by Emily Howe, aquatic ecologist
Communities of the Yakima Basin are intimately bound to the river. Flowing like life-giving arteries through the arid landscape, the Yakima River and tributaries provide the majority of water for this vital valley known for its rich agricultural legacy, world-class orchards, and once prolific salmon runs.
Save for its forested headwaters, the landscape is largely scrubland – devoid of rain most of the year. Yet the river provides snaking coils of green floodplains and irrigated crop circles all the way through sagebrush country to the Columbia River confluence. The rivers that sustain the Yakima Valley don’t get their water from the sky in spring. They swell due to melting snowpack from the Cascade Mountains above. And for the most part, water storage in the Yakima Basin isn’t found in the reservoir system, it’s in the snowpack itself.
But that snowpack is dwindling. As a result, water security in Yakima and across the American West is increasingly melting away. Data from the SNOTEL network, 700 stations in 13 Western states, reveal a 41% decrease in annual snow mass since 1982, with a snow season shortened by 34 days.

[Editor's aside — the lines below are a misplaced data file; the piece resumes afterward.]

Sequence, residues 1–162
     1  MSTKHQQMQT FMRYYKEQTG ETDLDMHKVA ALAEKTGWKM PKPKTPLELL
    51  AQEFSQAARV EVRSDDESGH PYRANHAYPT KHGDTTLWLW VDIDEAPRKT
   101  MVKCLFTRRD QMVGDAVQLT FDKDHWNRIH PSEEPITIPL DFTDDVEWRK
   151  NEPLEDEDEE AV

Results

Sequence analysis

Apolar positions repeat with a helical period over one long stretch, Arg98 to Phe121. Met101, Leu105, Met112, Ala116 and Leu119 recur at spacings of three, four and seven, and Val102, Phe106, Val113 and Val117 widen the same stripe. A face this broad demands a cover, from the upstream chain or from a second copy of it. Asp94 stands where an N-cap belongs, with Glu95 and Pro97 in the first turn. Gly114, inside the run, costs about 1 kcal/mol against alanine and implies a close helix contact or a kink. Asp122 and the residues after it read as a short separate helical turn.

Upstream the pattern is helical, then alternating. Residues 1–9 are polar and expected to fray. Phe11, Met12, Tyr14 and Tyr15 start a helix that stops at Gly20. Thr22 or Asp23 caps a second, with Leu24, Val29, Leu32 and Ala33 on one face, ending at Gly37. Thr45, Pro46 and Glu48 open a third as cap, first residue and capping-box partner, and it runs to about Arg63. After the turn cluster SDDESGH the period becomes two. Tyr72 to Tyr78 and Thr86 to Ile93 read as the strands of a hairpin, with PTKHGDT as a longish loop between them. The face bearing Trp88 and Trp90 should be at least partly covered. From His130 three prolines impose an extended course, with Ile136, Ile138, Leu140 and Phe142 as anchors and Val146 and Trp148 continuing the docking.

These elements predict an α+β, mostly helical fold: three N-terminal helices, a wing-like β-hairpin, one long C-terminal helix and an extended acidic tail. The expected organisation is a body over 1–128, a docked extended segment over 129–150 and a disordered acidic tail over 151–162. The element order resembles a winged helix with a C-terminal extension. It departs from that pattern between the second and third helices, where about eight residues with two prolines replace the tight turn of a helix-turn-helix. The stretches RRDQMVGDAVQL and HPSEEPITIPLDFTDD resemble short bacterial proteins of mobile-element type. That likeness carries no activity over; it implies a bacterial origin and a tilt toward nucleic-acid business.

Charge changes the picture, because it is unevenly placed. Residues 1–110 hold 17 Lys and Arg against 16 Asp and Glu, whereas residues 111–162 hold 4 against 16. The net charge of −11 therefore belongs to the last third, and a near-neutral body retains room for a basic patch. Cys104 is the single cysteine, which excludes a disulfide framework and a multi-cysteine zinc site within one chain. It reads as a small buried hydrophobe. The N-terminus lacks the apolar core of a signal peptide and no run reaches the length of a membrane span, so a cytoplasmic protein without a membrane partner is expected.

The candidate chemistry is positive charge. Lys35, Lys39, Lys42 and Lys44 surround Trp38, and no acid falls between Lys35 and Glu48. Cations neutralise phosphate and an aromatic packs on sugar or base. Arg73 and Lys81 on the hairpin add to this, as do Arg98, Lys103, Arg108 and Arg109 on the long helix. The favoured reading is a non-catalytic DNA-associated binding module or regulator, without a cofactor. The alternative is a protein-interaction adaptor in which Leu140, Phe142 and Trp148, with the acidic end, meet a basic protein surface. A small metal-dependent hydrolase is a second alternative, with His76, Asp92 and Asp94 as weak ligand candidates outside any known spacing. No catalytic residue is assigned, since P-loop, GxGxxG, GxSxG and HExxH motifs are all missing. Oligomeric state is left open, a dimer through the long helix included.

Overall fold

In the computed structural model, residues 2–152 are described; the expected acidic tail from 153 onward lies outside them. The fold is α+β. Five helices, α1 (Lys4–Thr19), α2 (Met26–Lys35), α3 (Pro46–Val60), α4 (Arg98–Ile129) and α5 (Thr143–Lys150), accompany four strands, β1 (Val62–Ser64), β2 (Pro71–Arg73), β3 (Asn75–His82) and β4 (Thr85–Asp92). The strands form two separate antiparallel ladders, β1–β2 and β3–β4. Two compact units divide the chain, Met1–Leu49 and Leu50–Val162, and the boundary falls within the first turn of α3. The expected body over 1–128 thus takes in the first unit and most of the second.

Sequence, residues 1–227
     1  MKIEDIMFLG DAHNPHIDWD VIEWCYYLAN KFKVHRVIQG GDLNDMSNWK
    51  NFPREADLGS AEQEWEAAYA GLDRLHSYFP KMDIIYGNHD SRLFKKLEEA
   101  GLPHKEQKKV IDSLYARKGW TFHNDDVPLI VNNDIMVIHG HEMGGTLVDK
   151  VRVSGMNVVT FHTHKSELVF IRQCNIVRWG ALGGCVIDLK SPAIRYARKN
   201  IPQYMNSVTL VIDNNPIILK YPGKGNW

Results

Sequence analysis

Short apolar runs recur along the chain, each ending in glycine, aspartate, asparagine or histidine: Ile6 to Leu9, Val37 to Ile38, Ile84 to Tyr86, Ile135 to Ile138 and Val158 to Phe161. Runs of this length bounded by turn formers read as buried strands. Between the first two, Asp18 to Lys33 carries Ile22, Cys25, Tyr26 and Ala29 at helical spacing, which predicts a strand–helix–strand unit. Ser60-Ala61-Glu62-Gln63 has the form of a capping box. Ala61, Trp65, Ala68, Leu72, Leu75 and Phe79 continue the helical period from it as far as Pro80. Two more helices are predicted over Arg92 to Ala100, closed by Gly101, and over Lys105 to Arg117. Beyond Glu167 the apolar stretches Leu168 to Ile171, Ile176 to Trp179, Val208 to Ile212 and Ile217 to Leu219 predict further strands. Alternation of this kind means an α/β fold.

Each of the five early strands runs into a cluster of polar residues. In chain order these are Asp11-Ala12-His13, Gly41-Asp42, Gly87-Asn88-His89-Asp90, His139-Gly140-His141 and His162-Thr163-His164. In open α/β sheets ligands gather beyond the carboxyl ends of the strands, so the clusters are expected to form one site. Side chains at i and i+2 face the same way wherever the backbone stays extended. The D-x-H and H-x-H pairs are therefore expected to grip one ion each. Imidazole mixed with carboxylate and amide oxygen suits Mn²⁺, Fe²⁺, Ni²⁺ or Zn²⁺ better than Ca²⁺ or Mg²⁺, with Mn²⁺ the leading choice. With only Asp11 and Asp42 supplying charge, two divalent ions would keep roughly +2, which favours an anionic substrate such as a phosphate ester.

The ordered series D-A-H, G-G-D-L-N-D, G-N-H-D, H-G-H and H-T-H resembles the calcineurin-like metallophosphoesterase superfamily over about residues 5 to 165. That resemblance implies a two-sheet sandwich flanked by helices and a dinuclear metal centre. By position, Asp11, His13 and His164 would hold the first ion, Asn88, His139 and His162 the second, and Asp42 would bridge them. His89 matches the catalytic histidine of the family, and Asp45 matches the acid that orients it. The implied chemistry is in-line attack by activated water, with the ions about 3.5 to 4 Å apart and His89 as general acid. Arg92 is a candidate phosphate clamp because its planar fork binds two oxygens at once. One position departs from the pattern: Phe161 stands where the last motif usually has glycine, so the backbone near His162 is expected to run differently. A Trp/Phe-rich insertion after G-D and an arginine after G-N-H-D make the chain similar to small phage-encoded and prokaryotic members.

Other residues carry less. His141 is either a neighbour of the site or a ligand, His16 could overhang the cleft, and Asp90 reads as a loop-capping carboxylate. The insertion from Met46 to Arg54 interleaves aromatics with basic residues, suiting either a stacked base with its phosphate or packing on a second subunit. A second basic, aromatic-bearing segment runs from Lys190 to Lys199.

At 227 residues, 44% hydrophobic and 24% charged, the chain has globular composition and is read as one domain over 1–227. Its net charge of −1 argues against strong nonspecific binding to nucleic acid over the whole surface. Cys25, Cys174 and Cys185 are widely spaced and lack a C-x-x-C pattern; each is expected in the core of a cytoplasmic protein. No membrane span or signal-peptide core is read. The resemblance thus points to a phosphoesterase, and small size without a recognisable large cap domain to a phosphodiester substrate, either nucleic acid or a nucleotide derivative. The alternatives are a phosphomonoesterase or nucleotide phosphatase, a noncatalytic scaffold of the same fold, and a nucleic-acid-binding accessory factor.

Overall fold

River valleys are thirsting for water—and the climate is warming. This climate-induced water stress compounds with a legacy of fire suppression in upper watershed forests, exacerbating drought symptoms not only in the rivers below, but also for the forests themselves as overstocked trees compete for water. And likewise, water insecurity stresses communities. Water users not protected by reservoir systems or priority water rights increasingly face a hard, dry reality; water curtailments are expected in 75% of years by the end of the century.
We’re working to identify how tree canopy conditions interact with snowpack in the eastern Cascades so that we can build restoration strategies that both protect snowpack and reduce wildfire risk. This confluence of fire and ice is critical to ecosystem integrity in a changing climate, not only for river ecosystems, but for the people, fish, and wildlife that rely on them.